The origins of the Japanese word otaku (a person with an intense obsession or hobby, most often related to anime, manga and all things geek) might not exactly have a good connotation, but nowadays, many Filipino fans of Japanese pop culture proudly identify themselves as one.
This otaku culture isn’t new; it’s actually been ingrained in Philippine society, and it goes beyond the ubiquitous Hello Kitty and Sanrio characters.
Look back at some of the most iconic, influential works that help shaped Pinoy fans’ growing-up years, with a few updates on reboots and upcoming adaptations.
Oh, where to begin? Long before “Pokémon,” “Bleach” and “Naruto” came into the picture, Japanese animation already had ’80s kids tuned in to their TV sets. “Mazinger Z,” “Voltes V,” “Daimos,” “Macross/Robotech,” and “Gundam” ushered in the age of mecha obsession, with fanboys scrambling to get their hands on diecast toy robots and Veritech fighter planes.
Osamu Tezuka’s “Astro Boy” and “Akira,” were early fan favorites. Most, if not all, long-running popular anime series have been adapted from equally successful manga/comic books, notably “Doraemon” from the ’70s; “Dragonball” and “Slam Dunk” from the ’80s; “Ranma ½,” “Yu Yu Hakusho (Ghost Fighter),” “Flame of Recca,” “Rurouni Kenshin (Samurai X),” “Pretty Guardian Sailor Moon” and “Fushigi Yuugi” from the ’90s.
The “Sailor Moon” franchise, which started the sailor suit cosplay craze among teenage girls, recently got a reboot dubbed “Sailor Moon Crystal,” with a third season currently underway.
Apart English-dubbed cartoons, there were Tagalog-dubbed versions of superhero shows like “Bioman,” “Shaider” and “Mask Rider Black” aired on weekends. Later on, Japanese drama (or “J-dorama”) series and live-action adaptations of popular anime and manga became accessible.
The best example is the hugely successful “Rurouni Kenshin” film trilogy, whose main cast and director received a hearty welcome from Pinoy fans during a promotional visit a couple of years ago.
And there’s “Hana Yori Dango,” which spawned the Taiwanese soap “Meteor Garden” that made the F4 boys a household name.
Thanks to the arrival of cable television and the Internet, epic movies such as legendary director Akira Kurosawa’s award-winning period dramas “Kagemusha” and “Ran” were seen again. Interestingly, Kurosawa had many then-budding Hollywood directors as fans; George Lucas, whose “Star Wars” saga was inspired by Kurosawa’s works, actually co-produced “Kagemusha” with fellow fan Francis Ford Coppola.
Then there’s the work of master storyteller and Studio Ghibli co-founder Hayao Miyazaki, who created critically acclaimed children’s classics like “My Neighbor Totoro,” “Princess Mononoke” and “Spirited Away.” Beautiful and heartwarming, Miyazaki’s feature films also spawned unforgettable characters that kids still go crazy over to this day, like the adorable, bearlike giant Totoro.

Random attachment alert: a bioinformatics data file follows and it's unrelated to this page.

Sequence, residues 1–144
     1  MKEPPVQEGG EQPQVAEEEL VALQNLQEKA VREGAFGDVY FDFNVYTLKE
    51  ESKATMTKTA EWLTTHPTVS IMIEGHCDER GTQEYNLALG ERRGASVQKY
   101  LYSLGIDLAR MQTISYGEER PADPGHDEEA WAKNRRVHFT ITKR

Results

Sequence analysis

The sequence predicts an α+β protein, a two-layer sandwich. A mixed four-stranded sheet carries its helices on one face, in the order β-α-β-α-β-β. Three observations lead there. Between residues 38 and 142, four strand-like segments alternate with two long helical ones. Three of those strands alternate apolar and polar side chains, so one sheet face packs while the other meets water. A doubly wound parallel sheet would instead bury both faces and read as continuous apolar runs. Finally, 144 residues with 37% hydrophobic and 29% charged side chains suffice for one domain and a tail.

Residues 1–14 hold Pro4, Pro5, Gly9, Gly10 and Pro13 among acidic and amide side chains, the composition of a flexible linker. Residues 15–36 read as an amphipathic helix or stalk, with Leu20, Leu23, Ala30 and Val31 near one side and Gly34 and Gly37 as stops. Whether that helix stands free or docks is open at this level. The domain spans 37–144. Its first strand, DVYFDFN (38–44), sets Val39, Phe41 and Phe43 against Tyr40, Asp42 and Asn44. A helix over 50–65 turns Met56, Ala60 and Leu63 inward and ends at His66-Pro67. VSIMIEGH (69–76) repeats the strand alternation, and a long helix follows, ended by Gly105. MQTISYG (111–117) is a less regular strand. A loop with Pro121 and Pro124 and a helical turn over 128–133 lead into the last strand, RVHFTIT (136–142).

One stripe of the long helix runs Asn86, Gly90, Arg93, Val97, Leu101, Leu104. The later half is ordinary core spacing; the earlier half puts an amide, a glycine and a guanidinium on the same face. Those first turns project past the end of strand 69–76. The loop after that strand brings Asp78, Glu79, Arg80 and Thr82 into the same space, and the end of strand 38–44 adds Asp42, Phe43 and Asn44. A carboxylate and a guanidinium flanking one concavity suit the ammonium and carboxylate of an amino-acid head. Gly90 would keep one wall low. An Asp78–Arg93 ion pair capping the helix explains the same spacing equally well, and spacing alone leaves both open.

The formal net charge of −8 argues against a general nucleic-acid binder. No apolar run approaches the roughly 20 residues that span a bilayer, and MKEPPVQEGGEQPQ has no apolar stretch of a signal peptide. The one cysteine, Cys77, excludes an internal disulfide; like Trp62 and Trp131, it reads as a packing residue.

Japanese role-playing games (RPGs) are a staple in every true-blue gamer’s arsenal, guaranteed to keep their butts glued to their couches until the wee hours. From the eight-bit retro goodness of arcade staple “Pac-Man,” there came Nintendo’s “Super Mario Bros” and “Legend of Zelda,” Sega’s “Sonic the Hedgehog,” and original PlayStation favorites “Suikoden,” “Dragon Quest,” the “Xeno” series, and the long-running “Final Fantasy” franchise.
Rumors of an FFVII remake have started bubbling up, but until then, fans will continue counting the days until FFXV finally comes out.
The Japanese also deserve credit for “Chrono Trigger,” one of the best-loved games of all time—the beautiful score is enough to send us back in time, to our own happy little place.
For the brave gamers, there’s the reliable trifecta of survival horror games—“Resident Evil,” “Silent Hill” and “Fatal Frame”—to give them nightmares.
Meanwhile, for those who preferred more action, there was “Street Fighter,” “Dead or Alive” and “Tekken” series, or stealth games like the “Metal Gear” franchise.
Music, events and more
Before K-pop burst into the scene, fangirls were already squealing over J-rock and J-pop idol groups. Among the most popular were boy band Arashi as well as recent visitors One OK Rock (who also provided the soundtrack to the “Rurouni Kenshin” films) and kawaii queen Kyary Pamyu Pamyu.
For events, many cosplay conventions are held every year, especially at Megamall. Meanwhile, the Japan Foundation, Manila (JFM) has the annual Eiga Sai festival at Shangri-La Plaza, usually held in June or July; it’s a real treat for people who are curious about Japanese movies but haven’t tried watching any. For jazz music lovers, there’s the Tokyo-Manila Jazz Music and Arts Festival, whose most recent edition was held last November.